Just wanted to show the current tremor movement over time.
This 1st pic is only showing Vancouver Island and northern Washington envelopes over the past 3 weeks. (There was also tremor that moved north, but I
couldn't get it to process. In fact, the pic below only shows about 1/2 of the epicenter locations.)
Both images are from www.pnsn.org/tremor (dark red color is most recent)
This next pic shows the smaller tremor episode that began a week later in northern California (for the most part) and has marched north into southern
Oregon over the past 2 weeks.
I wonder what the chances are of these 2 packets of tremor meeting in the middle? Say near Portland?
Personally, I don't think the southern bubble of tremor will continue its trek north...but I can certainly be wrong.
At the moment, the tremor under Puget Sound in Washington is particularly strong.
Have a look at the spectrogram from Station HDW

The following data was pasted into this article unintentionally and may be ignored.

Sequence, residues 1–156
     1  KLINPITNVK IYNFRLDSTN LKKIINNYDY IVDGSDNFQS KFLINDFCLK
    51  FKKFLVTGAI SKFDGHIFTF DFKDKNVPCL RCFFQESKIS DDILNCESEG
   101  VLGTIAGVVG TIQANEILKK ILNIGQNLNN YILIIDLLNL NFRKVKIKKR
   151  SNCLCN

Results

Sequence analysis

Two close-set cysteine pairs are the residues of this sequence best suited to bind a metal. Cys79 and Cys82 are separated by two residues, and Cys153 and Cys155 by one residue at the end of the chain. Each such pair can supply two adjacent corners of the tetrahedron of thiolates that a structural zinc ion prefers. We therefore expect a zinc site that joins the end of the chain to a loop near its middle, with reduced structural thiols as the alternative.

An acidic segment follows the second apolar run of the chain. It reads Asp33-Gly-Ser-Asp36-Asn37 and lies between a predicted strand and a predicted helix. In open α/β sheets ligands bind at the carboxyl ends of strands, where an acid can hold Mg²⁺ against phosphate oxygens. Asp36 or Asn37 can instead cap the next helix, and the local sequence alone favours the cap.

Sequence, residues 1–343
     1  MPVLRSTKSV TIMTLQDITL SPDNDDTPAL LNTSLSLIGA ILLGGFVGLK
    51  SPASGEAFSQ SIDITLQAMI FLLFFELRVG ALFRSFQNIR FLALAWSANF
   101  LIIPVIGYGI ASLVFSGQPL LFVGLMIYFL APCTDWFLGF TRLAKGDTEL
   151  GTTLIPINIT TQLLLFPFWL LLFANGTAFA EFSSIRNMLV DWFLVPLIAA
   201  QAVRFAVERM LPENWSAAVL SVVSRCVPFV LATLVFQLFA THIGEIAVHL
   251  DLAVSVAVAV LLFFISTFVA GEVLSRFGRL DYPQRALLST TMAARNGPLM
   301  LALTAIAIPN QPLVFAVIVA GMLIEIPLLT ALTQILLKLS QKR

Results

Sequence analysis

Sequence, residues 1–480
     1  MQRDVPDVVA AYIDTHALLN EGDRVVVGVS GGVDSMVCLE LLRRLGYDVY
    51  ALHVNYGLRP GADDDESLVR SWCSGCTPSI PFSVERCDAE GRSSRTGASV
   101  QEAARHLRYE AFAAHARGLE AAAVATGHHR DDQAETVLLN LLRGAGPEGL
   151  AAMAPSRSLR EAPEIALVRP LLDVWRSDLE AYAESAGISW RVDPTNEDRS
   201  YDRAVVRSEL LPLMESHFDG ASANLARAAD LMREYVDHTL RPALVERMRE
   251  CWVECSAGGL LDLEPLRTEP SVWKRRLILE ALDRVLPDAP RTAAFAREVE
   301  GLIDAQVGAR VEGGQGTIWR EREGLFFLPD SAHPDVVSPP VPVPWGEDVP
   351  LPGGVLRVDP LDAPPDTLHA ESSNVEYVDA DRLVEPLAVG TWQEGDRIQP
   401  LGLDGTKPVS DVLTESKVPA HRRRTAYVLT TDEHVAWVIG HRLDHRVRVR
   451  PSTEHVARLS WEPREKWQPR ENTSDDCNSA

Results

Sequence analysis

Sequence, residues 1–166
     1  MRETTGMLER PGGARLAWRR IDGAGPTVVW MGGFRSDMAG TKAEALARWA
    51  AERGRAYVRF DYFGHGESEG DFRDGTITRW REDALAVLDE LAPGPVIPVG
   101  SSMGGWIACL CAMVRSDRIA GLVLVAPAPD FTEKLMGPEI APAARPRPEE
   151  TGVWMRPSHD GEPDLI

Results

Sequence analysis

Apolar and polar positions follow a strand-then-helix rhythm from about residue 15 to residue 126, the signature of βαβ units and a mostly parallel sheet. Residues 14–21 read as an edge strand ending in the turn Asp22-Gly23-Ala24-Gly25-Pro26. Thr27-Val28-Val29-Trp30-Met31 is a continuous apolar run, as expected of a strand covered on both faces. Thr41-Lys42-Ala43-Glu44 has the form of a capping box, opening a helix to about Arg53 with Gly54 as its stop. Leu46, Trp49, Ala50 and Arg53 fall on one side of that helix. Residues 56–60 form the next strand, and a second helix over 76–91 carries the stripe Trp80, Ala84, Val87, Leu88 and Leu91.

Hoodsport, WA over the past
(click to enlarge)
If you are familiar with those glass-top cooking surfaces, and what happens when you heat a heavy pot on one that has water droplets on the bottom of
the pan--it pops and skitters furiously--that is how I visualize these tremor events. A lot of tiny pops and a bit of slow skitter or shift at the
plate interface, between the under side of the North American continent and the top side of the subducting Juan de Fuca plate. Then the episode ends,
when all of the "water droplets" have evaporated; or in the case of the subduction interface, the fluids have migrated away or reached a less volatile
I don't know if that is how it really works, but that is how I wrap my head around it.
edit on 9/23/2012 by Olivine because: rewriting
edit on 9/23/2012 by Olivine because: (no reason given)